Her trial is due to resume on July 3 at the Insein prison in Yangon, where court proceedings have been held since May 18.

The court presiding over Aung San Suu Kyi's trial had originally allowed only one of four defence witnesses to take the stand, but a higher divisional court ruled that a second witness could be heard.

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Aung San Suu Kyi's lawyers then took a second and final appeal to reinstate the remaining two barred witnesses - Win Tin and Tin Oo - both senior members of her National League for Democracy (NLD) party.

According to Nyan Win, one of Aung San Suu Kyi's lawyers, prosecutors had argued that Win Tin, a journalist and former political prisoner, should not be allowed to testify because he is critical of the government and often gave interviews to foreign media.

In response, the defence team said there was no law in the country that bars court testimony from citizens critical of the government.

The prosecution also said that Tin Oo, the deputy leader of the NLD, should not be allowed to testify because he is currently under house arrest.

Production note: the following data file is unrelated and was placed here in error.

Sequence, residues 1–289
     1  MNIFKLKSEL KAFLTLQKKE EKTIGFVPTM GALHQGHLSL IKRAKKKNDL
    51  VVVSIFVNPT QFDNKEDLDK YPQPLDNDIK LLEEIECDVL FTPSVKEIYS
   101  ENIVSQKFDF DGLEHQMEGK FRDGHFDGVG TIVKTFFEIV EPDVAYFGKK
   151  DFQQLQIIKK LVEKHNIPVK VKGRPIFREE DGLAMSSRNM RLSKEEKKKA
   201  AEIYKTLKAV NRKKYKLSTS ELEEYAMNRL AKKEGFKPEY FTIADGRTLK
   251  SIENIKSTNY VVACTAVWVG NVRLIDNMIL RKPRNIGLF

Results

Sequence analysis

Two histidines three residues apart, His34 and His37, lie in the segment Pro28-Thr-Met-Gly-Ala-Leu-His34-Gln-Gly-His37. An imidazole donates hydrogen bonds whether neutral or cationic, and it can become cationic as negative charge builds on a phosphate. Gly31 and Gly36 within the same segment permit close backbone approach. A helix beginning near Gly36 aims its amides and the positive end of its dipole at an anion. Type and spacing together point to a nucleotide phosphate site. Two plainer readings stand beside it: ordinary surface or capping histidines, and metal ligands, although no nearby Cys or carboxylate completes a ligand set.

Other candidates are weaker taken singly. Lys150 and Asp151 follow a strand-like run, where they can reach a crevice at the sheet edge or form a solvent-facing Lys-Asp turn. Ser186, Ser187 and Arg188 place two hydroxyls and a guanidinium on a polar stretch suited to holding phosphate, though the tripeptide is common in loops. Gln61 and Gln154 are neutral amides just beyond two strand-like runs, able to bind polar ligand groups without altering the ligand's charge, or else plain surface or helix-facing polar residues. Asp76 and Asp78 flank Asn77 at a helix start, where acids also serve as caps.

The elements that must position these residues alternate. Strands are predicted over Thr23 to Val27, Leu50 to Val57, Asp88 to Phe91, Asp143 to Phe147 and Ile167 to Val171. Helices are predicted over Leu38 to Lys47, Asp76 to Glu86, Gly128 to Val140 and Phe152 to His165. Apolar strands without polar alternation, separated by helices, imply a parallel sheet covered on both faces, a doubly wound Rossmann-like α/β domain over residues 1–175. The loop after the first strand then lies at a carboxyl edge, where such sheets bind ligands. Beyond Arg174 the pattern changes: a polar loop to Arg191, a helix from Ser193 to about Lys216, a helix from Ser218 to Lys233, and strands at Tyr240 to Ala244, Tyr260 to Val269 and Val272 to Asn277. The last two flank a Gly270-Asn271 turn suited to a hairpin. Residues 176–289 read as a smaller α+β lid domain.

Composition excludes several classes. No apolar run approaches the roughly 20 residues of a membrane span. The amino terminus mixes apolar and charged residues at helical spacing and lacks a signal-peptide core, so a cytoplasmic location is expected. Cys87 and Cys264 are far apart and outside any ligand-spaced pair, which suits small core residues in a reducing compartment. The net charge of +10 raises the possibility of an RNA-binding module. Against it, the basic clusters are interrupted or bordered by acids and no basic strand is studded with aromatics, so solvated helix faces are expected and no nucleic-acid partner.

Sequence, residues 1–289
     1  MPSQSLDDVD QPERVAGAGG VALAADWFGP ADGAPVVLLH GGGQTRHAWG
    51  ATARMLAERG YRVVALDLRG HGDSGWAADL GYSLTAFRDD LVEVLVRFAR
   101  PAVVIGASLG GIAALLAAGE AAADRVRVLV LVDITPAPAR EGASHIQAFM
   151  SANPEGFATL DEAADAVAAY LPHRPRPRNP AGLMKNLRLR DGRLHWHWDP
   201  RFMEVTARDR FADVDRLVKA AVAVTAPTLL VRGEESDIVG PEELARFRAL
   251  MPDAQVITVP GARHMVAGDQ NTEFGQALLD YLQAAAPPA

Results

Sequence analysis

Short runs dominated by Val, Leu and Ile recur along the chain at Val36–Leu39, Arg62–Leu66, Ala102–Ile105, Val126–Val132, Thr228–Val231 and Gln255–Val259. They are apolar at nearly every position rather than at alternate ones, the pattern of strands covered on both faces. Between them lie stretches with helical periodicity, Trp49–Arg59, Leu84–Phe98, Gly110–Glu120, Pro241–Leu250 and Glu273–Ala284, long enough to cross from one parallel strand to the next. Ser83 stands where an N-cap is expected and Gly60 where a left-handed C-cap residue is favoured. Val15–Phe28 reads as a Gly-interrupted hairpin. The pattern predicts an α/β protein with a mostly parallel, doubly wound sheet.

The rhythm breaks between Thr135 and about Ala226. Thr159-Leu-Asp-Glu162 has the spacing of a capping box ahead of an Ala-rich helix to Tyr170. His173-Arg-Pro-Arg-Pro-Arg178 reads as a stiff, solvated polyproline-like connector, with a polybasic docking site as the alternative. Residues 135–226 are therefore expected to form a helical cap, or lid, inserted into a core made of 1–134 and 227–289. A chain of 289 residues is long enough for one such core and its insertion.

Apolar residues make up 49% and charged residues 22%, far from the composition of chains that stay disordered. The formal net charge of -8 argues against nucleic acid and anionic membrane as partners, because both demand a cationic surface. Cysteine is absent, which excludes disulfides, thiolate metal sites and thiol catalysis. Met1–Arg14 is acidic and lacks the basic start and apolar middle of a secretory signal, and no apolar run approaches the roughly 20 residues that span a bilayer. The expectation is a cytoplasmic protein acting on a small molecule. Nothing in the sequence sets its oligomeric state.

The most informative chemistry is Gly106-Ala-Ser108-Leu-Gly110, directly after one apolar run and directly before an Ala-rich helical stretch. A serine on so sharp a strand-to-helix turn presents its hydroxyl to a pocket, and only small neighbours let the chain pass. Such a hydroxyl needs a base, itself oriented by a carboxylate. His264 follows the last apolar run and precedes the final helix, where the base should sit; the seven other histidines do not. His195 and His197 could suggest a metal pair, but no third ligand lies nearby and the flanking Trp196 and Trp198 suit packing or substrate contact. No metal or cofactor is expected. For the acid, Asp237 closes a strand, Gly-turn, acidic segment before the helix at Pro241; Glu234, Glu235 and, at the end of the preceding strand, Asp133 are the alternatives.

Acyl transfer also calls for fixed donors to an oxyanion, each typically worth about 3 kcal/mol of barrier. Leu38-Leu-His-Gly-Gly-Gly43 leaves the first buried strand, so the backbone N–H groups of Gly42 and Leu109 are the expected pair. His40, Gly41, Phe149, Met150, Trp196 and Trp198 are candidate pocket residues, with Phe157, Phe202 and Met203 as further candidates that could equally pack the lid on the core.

Envoy's visit

The high court's ruling comes after the United Nations' special envoy to Myanmar wrapped up a two-day visit to the country after meeting senior officials from the military government.

Ibrahim Gambari flew out of the country on Saturday and was expected to brief Ban Ki-moon, the UN secretary-general, before he heads to Asia and possibly to Myanmar.

Gambari met senior Myanmar officials to discuss a possible visit by the UN chief [EPA]
The Nigerian diplomat met twice with Nyan Win, the foreign minister, in the remote administrative capital of Naypyidaw before holding talks with Singapore's ambassador and UN staff in Yangon.

He is thought to have discussed a possible visit by the UN chief, as part of efforts to push Myanmar's military rulers towards political reform.

It was Gambari's eighth visit to Myanmar, none of which have so far been able to nudge the country's ruling generals towards significant reform or the release of prominent political prisoners, including Aung San Suu Kyi.

The opposition leader and head of the National League for Democracy (NLD) has been in detention for more than 13 of the last 19 years.

Her trial has drawn condemnation from world leaders and human rights groups who say Myanmar's military government is using the case to keep her behind bars during elections the government has scheduled for next year.

The military says the vote, expected to take place some time in 2010, is part of what it calls a "roadmap to democracy" for Myanmar.

But the election has been dismissed by critics as a sham designed to cement the military's continued grip on power behind a veneer of democracy.